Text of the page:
The horrific conditions at the centre have long been known. Bath’s report notes that in August 2012, information came to light that staff were inappropriately using restraints, but nothing was done to prevent further abuses. A government-commissioned report released in February documented an incident on August 16, 2014, where staff members threatened a detainee and attempted to cover it up.
At the end of last year the Don Dale centre was closed and relocated to a dilapidated former adult prison. A number of escapes and other incidents have occurred since.
The Human Rights Law Centre (HRLC) responded to the latest revelations by calling on the UN Special Rapporteur to investigate the centre. Ruth Barson, senior lawyer at the HRLC, told the Australian Broadcasting Corporation that “harmful practices like prolonged solitary confinement and hooding,” were “deeply concerning” and “worse, the NT Corrections Commissioner has defended the mistreatment. The lack of accountability for human rights breaches is alarming.”
John Lawrence SC, former president of the NT Bar Association and Criminal Lawyers Association, called for Middlebrook and Corrections Minister John Elferink to be stood down. Other organisations, including the National Aboriginal and Torres Strait Islander Legal Services, denounced the official response.
Middlebrook labelled the report unfair and brazenly denied that staff broke the law, while dismissing out of hand the claims of the 15-year-old former detainee. Likewise NT Chief Minister Adam Giles declared that the youth had “given up an opportunity they had to have a second start in life.”
According to reports, the average daily number of young detainees in the NT rose from 34 for the September quarter of 2011, to 42 for September 2014.
The NT’s rates of incarceration of Aboriginal people have increased especially. Almost 90 percent of adult inmates are indigenous, up from 69 percent in 1991. Between 2002 and 2012, the rate of imprisonment of Aboriginal women rose by 72 percent.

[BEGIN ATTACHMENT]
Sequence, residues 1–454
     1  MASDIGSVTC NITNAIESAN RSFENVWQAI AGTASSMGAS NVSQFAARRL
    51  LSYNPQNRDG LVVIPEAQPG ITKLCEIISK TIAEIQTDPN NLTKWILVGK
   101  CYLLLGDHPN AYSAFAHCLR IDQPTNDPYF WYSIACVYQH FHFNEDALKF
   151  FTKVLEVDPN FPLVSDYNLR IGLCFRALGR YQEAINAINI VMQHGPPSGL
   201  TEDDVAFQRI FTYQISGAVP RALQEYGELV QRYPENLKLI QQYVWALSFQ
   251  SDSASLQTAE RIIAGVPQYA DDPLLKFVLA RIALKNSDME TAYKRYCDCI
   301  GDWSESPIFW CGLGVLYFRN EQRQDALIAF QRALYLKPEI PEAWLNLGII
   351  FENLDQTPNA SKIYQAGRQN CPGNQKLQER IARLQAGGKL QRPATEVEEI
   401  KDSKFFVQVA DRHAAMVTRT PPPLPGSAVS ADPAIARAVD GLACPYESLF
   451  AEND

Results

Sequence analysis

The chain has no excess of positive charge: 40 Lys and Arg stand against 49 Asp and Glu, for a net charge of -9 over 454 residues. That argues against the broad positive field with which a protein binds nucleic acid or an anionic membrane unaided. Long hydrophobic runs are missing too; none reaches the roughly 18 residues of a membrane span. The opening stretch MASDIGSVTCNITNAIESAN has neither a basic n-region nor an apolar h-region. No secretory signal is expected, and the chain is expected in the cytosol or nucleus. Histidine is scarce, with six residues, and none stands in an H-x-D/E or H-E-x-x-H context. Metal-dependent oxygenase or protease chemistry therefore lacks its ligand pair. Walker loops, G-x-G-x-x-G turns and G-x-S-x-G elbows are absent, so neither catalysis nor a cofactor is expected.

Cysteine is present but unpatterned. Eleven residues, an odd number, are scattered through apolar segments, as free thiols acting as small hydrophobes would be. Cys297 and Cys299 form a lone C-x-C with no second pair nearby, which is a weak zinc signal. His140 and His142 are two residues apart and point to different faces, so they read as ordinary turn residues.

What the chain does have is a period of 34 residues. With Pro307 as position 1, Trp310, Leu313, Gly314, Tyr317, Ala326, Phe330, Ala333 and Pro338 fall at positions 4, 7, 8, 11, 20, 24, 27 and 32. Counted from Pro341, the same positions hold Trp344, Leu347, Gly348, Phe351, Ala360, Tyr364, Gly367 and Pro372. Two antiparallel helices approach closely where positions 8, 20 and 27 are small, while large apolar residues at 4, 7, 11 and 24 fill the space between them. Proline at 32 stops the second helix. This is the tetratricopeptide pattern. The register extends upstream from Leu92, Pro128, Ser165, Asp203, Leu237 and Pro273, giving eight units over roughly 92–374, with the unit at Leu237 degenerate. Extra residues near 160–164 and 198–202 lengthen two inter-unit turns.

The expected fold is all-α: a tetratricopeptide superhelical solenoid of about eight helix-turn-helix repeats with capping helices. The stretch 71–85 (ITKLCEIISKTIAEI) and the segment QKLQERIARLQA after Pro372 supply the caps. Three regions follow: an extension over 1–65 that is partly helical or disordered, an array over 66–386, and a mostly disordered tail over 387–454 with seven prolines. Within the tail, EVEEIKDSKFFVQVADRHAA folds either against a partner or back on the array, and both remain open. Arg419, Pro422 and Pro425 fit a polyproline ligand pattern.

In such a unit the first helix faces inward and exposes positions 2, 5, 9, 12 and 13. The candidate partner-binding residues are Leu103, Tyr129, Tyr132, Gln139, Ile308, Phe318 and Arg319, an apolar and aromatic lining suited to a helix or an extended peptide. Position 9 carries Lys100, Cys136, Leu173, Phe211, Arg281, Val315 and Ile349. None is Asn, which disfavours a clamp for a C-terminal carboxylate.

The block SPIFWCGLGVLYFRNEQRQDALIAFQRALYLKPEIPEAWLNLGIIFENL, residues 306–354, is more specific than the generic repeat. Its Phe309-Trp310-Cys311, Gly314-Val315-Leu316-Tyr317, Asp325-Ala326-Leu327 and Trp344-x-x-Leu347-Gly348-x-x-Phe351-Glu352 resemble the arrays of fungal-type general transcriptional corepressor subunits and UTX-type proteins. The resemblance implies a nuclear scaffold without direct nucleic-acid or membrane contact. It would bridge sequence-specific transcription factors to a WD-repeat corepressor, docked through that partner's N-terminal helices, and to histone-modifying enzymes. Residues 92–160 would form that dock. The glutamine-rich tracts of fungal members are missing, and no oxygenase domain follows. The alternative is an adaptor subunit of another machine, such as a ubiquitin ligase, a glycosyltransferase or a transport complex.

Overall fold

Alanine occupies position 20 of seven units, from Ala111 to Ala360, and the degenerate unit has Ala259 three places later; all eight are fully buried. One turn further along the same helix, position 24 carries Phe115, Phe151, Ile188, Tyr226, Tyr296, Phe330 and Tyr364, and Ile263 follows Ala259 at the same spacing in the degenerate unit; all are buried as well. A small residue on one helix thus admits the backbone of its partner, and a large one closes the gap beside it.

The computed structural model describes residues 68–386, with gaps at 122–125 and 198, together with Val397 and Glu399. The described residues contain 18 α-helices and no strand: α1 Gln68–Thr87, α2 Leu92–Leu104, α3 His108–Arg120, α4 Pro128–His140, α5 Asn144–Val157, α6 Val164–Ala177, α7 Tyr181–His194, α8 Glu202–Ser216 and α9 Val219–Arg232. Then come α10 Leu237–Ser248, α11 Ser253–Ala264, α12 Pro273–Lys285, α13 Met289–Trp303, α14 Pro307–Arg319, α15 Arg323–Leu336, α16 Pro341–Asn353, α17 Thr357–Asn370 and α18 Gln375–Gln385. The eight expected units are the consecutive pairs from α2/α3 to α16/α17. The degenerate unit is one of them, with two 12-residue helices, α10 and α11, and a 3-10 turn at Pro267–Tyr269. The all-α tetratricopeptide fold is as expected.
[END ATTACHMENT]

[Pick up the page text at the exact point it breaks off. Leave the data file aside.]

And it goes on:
Broad sections of the population have been effectively criminalised through various forms of mandatory sentencing and police profiling. Early last year, laws were introduced for first offenders involved in violent crimes, mandating at least three months’ imprisonment, and a year for “repeat offenders.” Under laws introduced last year, police can carry out “paperless arrests,” detaining people for four hours without charge and without keeping any record.
Those targeted are the most vulnerable. Figures released last year showed that people living in some remote areas of the NT had a lower life expectancy than those in impoverished African states. People living in “very remote” areas, many of them Aboriginal, have a life expectancy of just 52 years, while those living in areas termed “remote” live to an average of 62 years.
Mistreatment of prisoners is endemic. A 2013 report found that the NT had the highest number of indigenous deaths in custody of any state or territory. Between 1979 and 2011, there were 32 deaths in custody, with 24 of them being indigenous people.
The brutal treatment of Aboriginal youth in the Northern Territory, one of the most oppressed layers of the Australian population, is a graphic illustration of the harassment and abuse of working class youth by police and in the juvenile detention system.